CRIMINAL PROCEDURE: Search & seizure – Implied consent, blood testing, unconscious defendant: Melissa Helton v. Commonwealth of Kentucky (SC 8/27/2009)

Melissa Helton v. Commonwealth of Kentucky
2008-SC-000141-MR August 27, 2009
Opinion by Justice Noble; all sitting.

Helton entered a conditional guilty plea to wanton murder and DUI charges that stemmed from a car accident where four children were killed. After the accident, police took a blood sample from an unconscious Helton without a warrant. On appeal, Helton argued that KRS 189A.105(2)(b), which requires police to seek a warrant for blood, breath and urine testing in all motor vehicle accidents involving fatalities, trumped KRS 189A.103(3)(a)—Kentucky’s implied consent law. The Court rejected this argument, holding that the fact that Helton was unconscious did not nullify her statutorily implied consent. The Court noted that 189A.105(2)(b) requires a warrant only where testing has not already been done by consent.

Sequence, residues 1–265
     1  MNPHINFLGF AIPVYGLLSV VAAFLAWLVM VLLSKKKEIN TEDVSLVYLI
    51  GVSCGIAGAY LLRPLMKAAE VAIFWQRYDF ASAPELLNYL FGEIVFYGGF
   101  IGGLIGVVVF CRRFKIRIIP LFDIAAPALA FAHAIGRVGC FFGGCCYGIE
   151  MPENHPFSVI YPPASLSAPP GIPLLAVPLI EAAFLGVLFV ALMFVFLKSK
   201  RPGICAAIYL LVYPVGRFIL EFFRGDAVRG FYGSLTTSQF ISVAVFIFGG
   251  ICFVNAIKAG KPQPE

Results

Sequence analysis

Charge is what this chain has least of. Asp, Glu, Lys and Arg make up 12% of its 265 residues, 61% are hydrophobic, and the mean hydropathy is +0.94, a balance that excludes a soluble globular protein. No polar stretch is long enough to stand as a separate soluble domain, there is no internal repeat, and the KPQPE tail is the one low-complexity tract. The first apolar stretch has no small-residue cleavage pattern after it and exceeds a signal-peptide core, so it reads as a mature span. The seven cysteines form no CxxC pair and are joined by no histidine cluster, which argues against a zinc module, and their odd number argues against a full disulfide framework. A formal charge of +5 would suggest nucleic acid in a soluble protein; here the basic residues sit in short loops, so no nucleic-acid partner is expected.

The Court then turned its attention to the constitutional issue: does a warrantless blood test of an unconscious suspect violate the right against unreasonable searches and seizures. After discussing leading United States Supreme Court opinions on the subject, the Court concluded that so long as authorities have reasonable grounds to believe alcohol was involved in the accident, there is no constitutional bar to testing an unconscious person without giving them an opportunity to refuse the test. However, the Court held that in this instance, there had been no proof taken at the suppression hearing on the issue of whether the police had reasonable grounds for the blood test. The Court reversed the conviction and remanded to the trial court for a new suppression hearing. Justice Scott dissented, agreeing with the majority on the all issues except that a new suppression hearing was warranted, asserting that Helton’s own subsequent admissions combined with the evidence on record was sufficient to establish reasonable grounds.

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